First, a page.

Conway’s QuickTake: Week of August 31, 2020
Here’s What Happened Last Week:
U.S. Equities and Economic Data/News
U.S. stocks rose again last week setting record highs sparked by positive news centered around plasma treatments and vaccines. The S&P 500 Index closed out the week above the 3,500 level for the first time ever with light volumes. Large-cap stocks outpaced both mid and small-caps again as the large-cap growth style outperformed the large-cap value style. Large-cap growth was once again led by the strong returns of the mega-cap technology and communication services companies. All sectors except for utilities rose for the week.
Fed Chair Powell delivered a virtual speech on Thursday which addressed the central bank’s new monetary policy approach to handle inflation. He stated the Fed will be able to tolerate a larger range of inflation targets which should hopefully pave the way for the U.S. economy to achieve a full recovery over the long term. Essentially, instead of targeting a very specific inflation number like in the past, the Fed will now consider the historical inflation level and duration before making any unwarranted monetary policy changes. The initial weekly jobless claims fell by almost 100,000 and was just over one million for the week ending August 22nd. Continuing claims fell by a fraction as well – 14.5 million Americans are receiving some type of unemployment assistance. Although these figures continue to decline, they still represent a highly stressed labor market.
International Equities and Economic Data/News
Both international developed and emerging markets equities rose, while the former trailed the latter in absolute returns (+1.7% vs +2.8%) as represented by their respective MSCI indices. Europe is dealing with what seems to be the start of a second wave of new cases in several countries including France, Spain, and Italy. Meanwhile Japanese stocks were mostly flat to slightly up as the nation ponders the future of their economy given that Prime Minister Shinzo Abe resigned due to his declining health. Abe instilled various economic policies aimed at expanding the economy. Emerging market equities were largely led by compelling returns from Chinese stocks. The MSCI China Index rose 4% in USD terms, as Alibaba and Baidu produced strong returns. For the year thus far, Chinese A shares have risen about 10% compared to a similar return by the S&P 500 Index. That makes Chinese equities among the strongest performing stocks in the global stock markets.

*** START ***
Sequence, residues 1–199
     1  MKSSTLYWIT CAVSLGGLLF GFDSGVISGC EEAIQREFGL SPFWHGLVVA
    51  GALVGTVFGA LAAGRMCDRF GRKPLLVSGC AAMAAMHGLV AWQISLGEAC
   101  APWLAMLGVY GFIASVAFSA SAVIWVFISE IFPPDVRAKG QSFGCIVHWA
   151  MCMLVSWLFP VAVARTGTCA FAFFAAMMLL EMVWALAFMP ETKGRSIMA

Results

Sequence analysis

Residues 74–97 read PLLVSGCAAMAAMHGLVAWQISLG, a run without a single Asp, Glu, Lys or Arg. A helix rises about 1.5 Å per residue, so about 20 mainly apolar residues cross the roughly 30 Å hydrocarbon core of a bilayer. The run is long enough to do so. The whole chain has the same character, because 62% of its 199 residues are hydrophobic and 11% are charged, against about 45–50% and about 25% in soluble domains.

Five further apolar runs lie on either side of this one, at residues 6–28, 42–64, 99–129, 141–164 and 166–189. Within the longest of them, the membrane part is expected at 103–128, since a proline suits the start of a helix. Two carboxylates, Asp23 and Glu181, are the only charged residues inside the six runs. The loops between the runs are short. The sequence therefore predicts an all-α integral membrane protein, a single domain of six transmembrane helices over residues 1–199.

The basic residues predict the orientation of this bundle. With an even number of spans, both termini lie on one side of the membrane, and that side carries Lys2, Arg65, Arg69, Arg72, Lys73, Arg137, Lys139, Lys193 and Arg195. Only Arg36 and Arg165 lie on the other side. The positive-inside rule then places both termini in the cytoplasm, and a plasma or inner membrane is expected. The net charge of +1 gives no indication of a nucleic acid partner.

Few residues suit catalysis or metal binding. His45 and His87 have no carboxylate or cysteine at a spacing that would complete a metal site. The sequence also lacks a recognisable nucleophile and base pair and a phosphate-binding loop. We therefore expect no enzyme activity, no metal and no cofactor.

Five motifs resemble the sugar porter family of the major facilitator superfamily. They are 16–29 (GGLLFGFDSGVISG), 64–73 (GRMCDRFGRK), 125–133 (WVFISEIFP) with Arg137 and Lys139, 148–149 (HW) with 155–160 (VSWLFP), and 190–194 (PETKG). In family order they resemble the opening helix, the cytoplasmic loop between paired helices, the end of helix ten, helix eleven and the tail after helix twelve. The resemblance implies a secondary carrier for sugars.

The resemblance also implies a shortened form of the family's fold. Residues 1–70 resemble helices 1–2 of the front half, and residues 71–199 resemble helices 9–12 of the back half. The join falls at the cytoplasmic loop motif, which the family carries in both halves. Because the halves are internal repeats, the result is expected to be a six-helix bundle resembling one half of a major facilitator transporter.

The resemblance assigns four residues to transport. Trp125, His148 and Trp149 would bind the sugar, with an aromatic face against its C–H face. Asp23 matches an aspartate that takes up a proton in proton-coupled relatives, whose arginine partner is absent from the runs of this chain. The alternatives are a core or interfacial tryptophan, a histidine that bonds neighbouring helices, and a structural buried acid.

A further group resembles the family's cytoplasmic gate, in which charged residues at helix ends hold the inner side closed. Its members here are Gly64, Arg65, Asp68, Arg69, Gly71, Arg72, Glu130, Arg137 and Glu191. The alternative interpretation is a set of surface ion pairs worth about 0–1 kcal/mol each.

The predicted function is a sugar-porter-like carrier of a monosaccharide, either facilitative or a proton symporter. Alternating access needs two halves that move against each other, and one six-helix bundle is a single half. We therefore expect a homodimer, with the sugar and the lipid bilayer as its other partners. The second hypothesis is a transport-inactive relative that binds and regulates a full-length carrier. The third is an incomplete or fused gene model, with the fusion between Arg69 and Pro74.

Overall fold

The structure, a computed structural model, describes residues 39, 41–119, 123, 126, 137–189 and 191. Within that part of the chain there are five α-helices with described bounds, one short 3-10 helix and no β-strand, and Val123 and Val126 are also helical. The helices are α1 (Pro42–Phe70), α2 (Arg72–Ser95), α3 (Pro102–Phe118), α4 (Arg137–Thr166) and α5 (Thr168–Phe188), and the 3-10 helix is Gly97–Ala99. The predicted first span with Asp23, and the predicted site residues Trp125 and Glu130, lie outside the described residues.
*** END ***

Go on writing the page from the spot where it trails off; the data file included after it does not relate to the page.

Germany’s coalition agreed to fund an additional €10 billion to a program that will keep company’s workers on payroll until at least year-end. This news came soon after its gross domestic product contracted at a quarterly rate of 9.7%. France’s Prime Minister Jean Castex plans to announce a €100 billion recovery plan on September 3rd which will support small- and mid-sized companies in conjunction with various new tax cuts. In Asia, the yield on the 10-year Japanese government bond rose to 0.059%, its highest level since the pandemic’s beginning in March. The yield on China’s sovereign 10-year bond increased for the week, indicative of their strengthening economy. Also, Chinese industrial profits spiked nearly 20% in July compared to July from a year ago, although cumulative profits remain at a negative level year-to-date despite the continued economic recovery and growth.
Credit Markets on average had a negative week, as most bonds declined across the board. This decline was largely attributable to the increase and steepening of the yield curve. The 10-year Treasury rate ended at 0.71%, an increase of 0.15% from the week prior. In fact, the spread between the 5-year and 30-year rates increased to 112 basis points, its steepest level in more than a month. Corporate bonds fell despite a strong week of new issuance, as approximately $42 billion was issued versus expectations around $30 billion. Thus far the year’s total corporate bond issuance is about to surpass 2017’s record year of $1.33 trillion, and it’s only August. Municipal bonds have undergone extensive measures of refinancing over the past two months as states and government municipalities took advantage of the record low yields. The category also benefitted from its 14th straight week of inflows, adding $2.3 billion in total.
Sustainable Spotlight (Perspectives from our partners at Seeds): Does FAANG really belong in an ESG portfolio?